Posted by Vice News on Friday, January 15, 2019 09:21:59 In the United States, you have the power to shut down accounts that you believe are spreading false news, according to a new report.

A group of former employees of the Associated Press, the New York Times and other news organizations are demanding that the companies that operate their newsrooms remove tens of thousands of articles from their websites that contain “evidence of wrongdoing” and “deception,” a phrase that carries an extra level of weight in today’s digital world.

“In our modern era, it’s no longer possible to deny facts,” said Robert B. McChesney, president of the Professional Association of News Editors, which has filed a petition with the Federal Communications Commission to block the posts.

“If an article is found to contain false or misleading information, the content may be removed.”

The group, which is composed of the former AP journalists who wrote the letter, has also launched a campaign to educate news organizations about the dangers of misleading content.

They have asked Facebook, Twitter and Google to “immediately remove all content” that suggests that “information may have been fabricated or otherwise not credible,” including posts that have been published after a person has been killed or injured by police.

They are also asking Google and Twitter to “remove the content immediately” if it has been flagged by users.

“We don’t think that is a reasonable demand,” said Jonathan Weisman, an associate professor of journalism at Northwestern University and a co-author of the petition.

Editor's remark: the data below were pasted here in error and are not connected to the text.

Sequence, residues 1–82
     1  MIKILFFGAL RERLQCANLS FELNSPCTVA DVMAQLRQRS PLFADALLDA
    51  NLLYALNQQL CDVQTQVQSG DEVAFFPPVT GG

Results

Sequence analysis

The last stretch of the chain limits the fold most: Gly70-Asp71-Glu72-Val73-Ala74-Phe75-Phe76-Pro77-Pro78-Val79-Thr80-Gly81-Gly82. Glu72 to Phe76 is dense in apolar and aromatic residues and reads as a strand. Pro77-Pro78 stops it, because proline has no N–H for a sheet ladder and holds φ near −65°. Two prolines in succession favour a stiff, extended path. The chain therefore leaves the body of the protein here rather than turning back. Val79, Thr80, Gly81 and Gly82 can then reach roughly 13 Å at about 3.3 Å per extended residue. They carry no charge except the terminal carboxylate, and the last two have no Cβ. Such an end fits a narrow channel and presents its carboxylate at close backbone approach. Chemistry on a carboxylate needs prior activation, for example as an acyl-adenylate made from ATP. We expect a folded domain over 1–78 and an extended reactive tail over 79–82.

“What’s happening is that the people at the top of the news business are making it so difficult for journalists to get their stories right.

That’s the real problem here.”

In the wake of the fatal shooting of Michael Brown in Ferguson, Missouri, and the deaths of two black men at the hands of police in Minnesota, several news organizations have announced that they will remove from their news feeds posts that include “evidence” that police have used excessive force.

The AP, for example, has removed a story about a police shooting of a mentally ill man who was unarmed.

It has also deleted a story that reported that a white woman was beaten and sexually assaulted by an Uber driver who was accused of stealing her wallet and cell phone.

“As a result of the growing frequency of such false and misleading news stories, the public is increasingly fed up with the lack of accountability in news organizations,” the petition says.

The petitioners say that Facebook has “no right” to tell news organizations what to remove.

“Facebook has become a global platform where stories from all over the world can be shared, and it is therefore necessary for journalists, publishers, news consumers and others to stand together and protect the public’s right to know,” the letter says.

Facebook declined to comment.

The New York Post has not yet posted any of the letters.

Facebook has also said that it does not own the articles and that it is only publishing what it deems credible news, including those that have already been removed.

The company has said that the process of removing posts that violate the platform’s terms and conditions is “quite extensive.”

The AP is seeking a similar response from Google, which also owns the AP and other newspapers.

Google told Vice News that it “doesn’t comment on pending litigation.”

In a statement, the AP said that “the vast majority” of the content that is removed by its newsrooms is “factually accurate.”